LISTSERV mailing list manager LISTSERV 16.5

Help for CONLANG Archives


CONLANG Archives

CONLANG Archives


CONLANG@LISTSERV.BROWN.EDU


View:

Message:

[

First

|

Previous

|

Next

|

Last

]

By Topic:

[

First

|

Previous

|

Next

|

Last

]

By Author:

[

First

|

Previous

|

Next

|

Last

]

Font:

Proportional Font

LISTSERV Archives

LISTSERV Archives

CONLANG Home

CONLANG Home

CONLANG  July 2011, Week 1

CONLANG July 2011, Week 1

Subject:

Re: Sources for vowel quantity distinctions?

From:

Jörg Rhiemeier <[log in to unmask]>

Reply-To:

Constructed Languages List <[log in to unmask]>

Date:

Tue, 5 Jul 2011 21:28:38 +0200

Content-Type:

Text/Plain

Parts/Attachments:

Parts/Attachments

Text/Plain (113 lines)

Hallo conlangers!

On Saturday 02 July 2011 15:09:08, BPJ wrote:

> Does anyone know of other sources of distinctive vowel
> quantity than contraction, open syllable lengthening,
> monophthongization, loss of sonorants or lengthening
> under stress?

Loss of obstruents, of course, or lengthening before a voiced
consonant (while vowels before voiceless consonants remain
short).  There is also "Winter's Law", a (controversial)
sound change in Balto-Slavic wherein a vowel is lengthened
before a voiced stop in a closed syllable but not before a
voiced aspirated stop (some Indo-Europeanists claim that as
evidence for the glottalic theory).  Indo-Iranian has
"Brugmann's Law" in which *o is lengthened in non-final open
syllables.
 
> It feels like Linjeb (a.k.a Western Sohlob) should have
> contrastive vowel length, but I don't know what to
> derive it from. The ancestral language lacked or at
> least lost vowel length[^1], had fixed word-initial
> stress and only two falling diphthongs _*ai, *au_, and
> I already used contraction with a vengance in another
> Sohlob language.

Which makes it reasonable to tread a different road in Linjeb.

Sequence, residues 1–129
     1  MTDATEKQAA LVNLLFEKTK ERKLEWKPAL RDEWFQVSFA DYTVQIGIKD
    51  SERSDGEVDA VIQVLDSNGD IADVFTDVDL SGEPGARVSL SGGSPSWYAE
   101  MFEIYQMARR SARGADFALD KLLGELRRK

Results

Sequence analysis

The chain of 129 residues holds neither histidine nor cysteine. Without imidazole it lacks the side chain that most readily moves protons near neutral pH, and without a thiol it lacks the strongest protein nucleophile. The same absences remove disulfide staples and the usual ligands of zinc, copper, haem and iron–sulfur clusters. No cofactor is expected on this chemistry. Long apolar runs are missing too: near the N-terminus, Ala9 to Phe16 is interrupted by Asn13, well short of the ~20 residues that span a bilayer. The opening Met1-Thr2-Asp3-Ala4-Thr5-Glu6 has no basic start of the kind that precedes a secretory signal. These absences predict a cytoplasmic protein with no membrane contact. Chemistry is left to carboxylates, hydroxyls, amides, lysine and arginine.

> It now seems an even earlier form of the language had
> vowel length but lost it by either *ā or *ă becoming
> *æ, and then variously becoming *ya or merging into the
> other *a, *ī and *ū diphthongizing alla
> English/Dutch/German and *ē and *ō either merging with
> *ĭ and *ŭ or diphthongizing or even triphthongizing.

Diphthongs can be used to implement "leap-frogging" sound
changes, as I do in Roman Germanech, where Vulgar Latin
/E/ and /O/ leap-frog /e/ and /o/ by first diphthongizing
to /iE/ and /uO/ (a change that has happened in several
Romance languages) and later monophthongizing to /i/ and
/u/, respectively (a change that has happened in German).

> In fact a whole new image of Proto-Sohlob is emerging,
> partly as a result of working out a related language
> family, partly as a result of an attempt to find a
> suitable intermediate stage between Classical Sohlob
> which is different from Kijeb (the conhistorically
> attested ancestor of the Northern and Western
> varieties) and yet not identical or almost identical to
> Proto-Sohlob.
> 
> In the table below the leftmost column is the old view
> of Proto-Sohlob (which I guess is **Proto-Sohlob now!)
> and the second is the new view of PS. The third column
> is Kijeb, whose three-vowel system without quantity or
> falling diphthongs is more or less set in stone by now.
> The fourth column is Proto-South-Eastern, which used to
> be almost identical to Proto-Sohlob, with a few
> possible alternatives occasionad by the new
> Proto-Sohlob after the commas.
> 
>    Proto-Sohlob   Altern. PS      Kijeb (NW)   Proto-SE
>    -------------- --------------- ------------ -----------
>    *a             *a/*aː [ɑ(ː)]   a            *a
>    *ai            *iː             i            *ai
>    *i             *i              i            *i
>    *ia            *yaː/*ya        ya           *ya
>    *ya            *aː/*a [æ(ː)]   a            *ya
>    *yai           *eː             í, ya        *yai, *æ
>    *yau           *yuː            yu           *yau
>    *iu            *yoː            yu           *yau, *yɔ
>    *yu            *yu             yú, u        *yu
>    *au            *uː             u            *au
>    *u             *u              u            *u
>    *ua            *wa/*waː        wa           *wa
>    *wa            *waː/*wa [ɔː]   a            *wa
>    *wai           *wiː            wi           *wai
>    *ui            *weː            wi           *wai, *wæ
>    *wi            *wi             wí, i        *wi
>    *wau           *oː             ú, wa        *wau, *ɔ
> 
> An obvious advantage of the new PS is that innovation
> and archaism ar more evenly spread between Kijeb and
> PSE.

Yes.  The old Proto-Sohlob is almost identical, vowel-wise,
with Proto-South-Eastern.  The new Proto-Sohlob makes for
more interesting correspondences.  The diachronic developments
underlying your chart make sense and are natural and attractive.

>        I st